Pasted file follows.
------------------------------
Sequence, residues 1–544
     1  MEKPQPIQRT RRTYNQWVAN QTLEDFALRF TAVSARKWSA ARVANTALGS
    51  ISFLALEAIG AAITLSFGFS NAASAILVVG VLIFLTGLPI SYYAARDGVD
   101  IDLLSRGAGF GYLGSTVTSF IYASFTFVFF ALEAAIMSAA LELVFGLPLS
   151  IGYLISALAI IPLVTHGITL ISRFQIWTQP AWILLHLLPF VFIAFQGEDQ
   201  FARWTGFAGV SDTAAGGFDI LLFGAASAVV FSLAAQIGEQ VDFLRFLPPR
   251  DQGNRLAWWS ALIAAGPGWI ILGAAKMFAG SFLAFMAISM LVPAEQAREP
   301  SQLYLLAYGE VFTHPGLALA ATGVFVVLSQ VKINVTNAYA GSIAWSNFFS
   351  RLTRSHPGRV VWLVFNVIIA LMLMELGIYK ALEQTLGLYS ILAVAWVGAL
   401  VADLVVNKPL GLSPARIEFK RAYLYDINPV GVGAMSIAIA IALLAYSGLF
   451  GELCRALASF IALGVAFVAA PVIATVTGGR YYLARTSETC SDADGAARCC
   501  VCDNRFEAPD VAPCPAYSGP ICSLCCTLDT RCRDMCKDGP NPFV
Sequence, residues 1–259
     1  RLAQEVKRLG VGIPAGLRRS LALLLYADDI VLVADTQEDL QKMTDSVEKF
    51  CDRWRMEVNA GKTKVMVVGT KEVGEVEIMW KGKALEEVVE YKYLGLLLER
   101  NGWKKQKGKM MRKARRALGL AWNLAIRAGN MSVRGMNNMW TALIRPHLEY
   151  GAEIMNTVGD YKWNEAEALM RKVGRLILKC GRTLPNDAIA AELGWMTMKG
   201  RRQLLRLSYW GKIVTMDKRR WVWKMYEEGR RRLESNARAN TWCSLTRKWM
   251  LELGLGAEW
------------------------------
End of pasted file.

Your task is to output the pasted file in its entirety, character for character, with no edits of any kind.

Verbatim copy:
Sequence, residues 1–544
     1  MEKPQPIQRT RRTYNQWVAN QTLEDFALRF TAVSARKWSA ARVANTALGS
    51  ISFLALEAIG AAITLSFGFS NAASAILVVG VLIFLTGLPI SYYAARDGVD
   101  IDLLSRGAGF GYLGSTVTSF IYASFTFVFF ALEAAIMSAA LELVFGLPLS
   151  IGYLISALAI IPLVTHGITL ISRFQIWTQP AWILLHLLPF VFIAFQGEDQ
   201  FARWTGFAGV SDTAAGGFDI LLFGAASAVV FSLAAQIGEQ VDFLRFLPPR
   251  DQGNRLAWWS ALIAAGPGWI ILGAAKMFAG SFLAFMAISM LVPAEQAREP
   301  SQLYLLAYGE VFTHPGLALA ATGVFVVLSQ VKINVTNAYA GSIAWSNFFS
   351  RLTRSHPGRV VWLVFNVIIA LMLMELGIYK ALEQTLGLYS ILAVAWVGAL
   401  VADLVVNKPL GLSPARIEFK RAYLYDINPV GVGAMSIAIA IALLAYSGLF
   451  GELCRALASF IALGVAFVAA PVIATVTGGR YYLARTSETC SDADGAARCC
   501  VCDNRFEAPD VAPCPAYSGP ICSLCCTLDT RCRDMCKDGP NPFV
Sequence, residues 1–259
     1  RLAQEVKRLG VGIPAGLRRS LALLLYADDI VLVADTQEDL QKMTDSVEKF
    51  CDRWRMEVNA GKTKVMVVGT KEVGEVEIMW KGKALEEVVE YKYLGLLLER
   101  NGWKKQKGKM MRKARRALGL AWNLAIRAGN MSVRGMNNMW TALIRPHLEY
   151  GAEIMNTVGD YKWNEAEALM RKVGRLILKC GRTLPNDAIA AELGWMTMKG
   201  RRQLLRLSYW GKIVTMDKRR WVWKMYEEGR RRLESNARAN TWCSLTRKWM
   251  LELGLGAEW